Jake Burger, 3b, Missouri State (22): Scouts are split on Burger’s defense but agree his power (21 homers last year, nine this year) ranks ahead of his hitting ability. He has the arm strength to play third base, and teams that believe he can play the hot corner could start considering him in the second half of the first round.
Logan Warmoth, ss, North Carolina (24): One of the safest bets on the board, Warmoth is a Cape Cod League performer (.270, 4 HR) who also is hitting this spring (.364, 4 HR), making him a rare commodity. He’s likely hitting his way toward being the first college middle infielder picked.
Griffin Canning, rhp, UCLA (28): Canning is the latest Bruins ace who has taken a step forward as a junior. He locates his four-seam fastball well, competes and earns average grades for his fastball, curve, slider and changeup, all of which flash above-average. With a 1.89 ERA and 43-13 strikeout-walk ratio in 33.1 innings, he’s pitched his way into the first round.
Brady McConnell, ss, Merritt Island (Fla.) HS (47): McConnell is a projection play with a lanky 6-foot-1, 170-pound frame and hasn’t gotten off to a great start offensively.
Michael Gigliotti, Lipscomb (48): A Cape performer (.310) with 70 speed, Gigliotti just hasn’t hit this spring, batting .238 with four extra-base hits. Scouts have mentioned “scratching our heads” and “not the same guy” when discussing one of last summer’s breakout performers.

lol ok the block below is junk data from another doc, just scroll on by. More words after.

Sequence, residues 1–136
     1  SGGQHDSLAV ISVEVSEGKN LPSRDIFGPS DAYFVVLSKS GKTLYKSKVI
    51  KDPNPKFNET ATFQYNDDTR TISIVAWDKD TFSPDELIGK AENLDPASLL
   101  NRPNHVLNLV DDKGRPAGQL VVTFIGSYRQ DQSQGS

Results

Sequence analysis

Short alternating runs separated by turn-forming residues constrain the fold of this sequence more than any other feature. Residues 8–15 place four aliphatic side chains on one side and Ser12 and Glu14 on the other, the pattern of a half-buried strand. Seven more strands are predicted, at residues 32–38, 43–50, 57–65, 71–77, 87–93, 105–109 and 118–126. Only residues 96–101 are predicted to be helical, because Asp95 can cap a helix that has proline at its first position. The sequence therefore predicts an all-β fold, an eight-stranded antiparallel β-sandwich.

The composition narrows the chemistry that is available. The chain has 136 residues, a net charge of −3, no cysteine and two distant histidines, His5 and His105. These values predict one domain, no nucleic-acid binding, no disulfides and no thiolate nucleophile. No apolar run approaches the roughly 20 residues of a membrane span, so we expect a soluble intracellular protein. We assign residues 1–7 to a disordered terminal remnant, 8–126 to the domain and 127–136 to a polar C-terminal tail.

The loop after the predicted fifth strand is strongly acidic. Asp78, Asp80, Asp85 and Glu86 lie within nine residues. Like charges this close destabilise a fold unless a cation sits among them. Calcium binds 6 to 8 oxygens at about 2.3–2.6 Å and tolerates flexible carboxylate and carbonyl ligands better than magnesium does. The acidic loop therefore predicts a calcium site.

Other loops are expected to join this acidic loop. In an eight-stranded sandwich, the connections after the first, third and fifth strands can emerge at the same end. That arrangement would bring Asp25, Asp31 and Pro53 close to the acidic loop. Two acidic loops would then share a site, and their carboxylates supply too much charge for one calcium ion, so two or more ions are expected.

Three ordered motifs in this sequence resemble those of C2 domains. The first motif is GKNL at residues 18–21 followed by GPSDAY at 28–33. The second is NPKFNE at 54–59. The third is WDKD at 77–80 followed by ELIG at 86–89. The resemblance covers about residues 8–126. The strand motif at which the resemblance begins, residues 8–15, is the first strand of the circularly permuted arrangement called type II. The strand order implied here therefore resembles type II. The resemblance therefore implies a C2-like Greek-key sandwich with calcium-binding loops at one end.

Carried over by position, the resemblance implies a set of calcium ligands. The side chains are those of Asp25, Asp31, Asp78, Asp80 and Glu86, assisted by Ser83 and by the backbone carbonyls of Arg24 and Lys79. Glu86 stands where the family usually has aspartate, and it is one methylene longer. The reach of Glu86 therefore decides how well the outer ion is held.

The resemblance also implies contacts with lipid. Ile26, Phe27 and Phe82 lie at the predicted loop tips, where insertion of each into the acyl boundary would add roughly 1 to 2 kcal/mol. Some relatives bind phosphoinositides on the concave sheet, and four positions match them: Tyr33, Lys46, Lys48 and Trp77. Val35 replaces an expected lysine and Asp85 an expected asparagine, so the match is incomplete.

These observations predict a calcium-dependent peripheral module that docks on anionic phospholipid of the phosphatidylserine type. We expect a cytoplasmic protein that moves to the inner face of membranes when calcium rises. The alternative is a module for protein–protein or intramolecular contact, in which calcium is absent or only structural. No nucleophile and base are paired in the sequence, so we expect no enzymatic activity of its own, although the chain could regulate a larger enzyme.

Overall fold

Evan Skoug, c, Texas Christian (83): Skoug is a bat-first catcher, and he’s just not hitting, off to a .197 start with 34 strikeouts in 71 at-bats. “If he’s not hitting,” one crosschecker said, “what can you do with him? He’s just pressing so much right now.”
J.J. Schwarz, 1b/dh, Florida (NR): Schwarz ranked No. 15 on our preseason Top 100 College prospects, but that was with the assumption he’d catch some as a junior. Instead, he’s a righthanded-hitting first baseman/DH with a fairly grooved swing who’s not hitting. All of Schwarz’s value is in the bat, and he’s hitting .226 with two homers.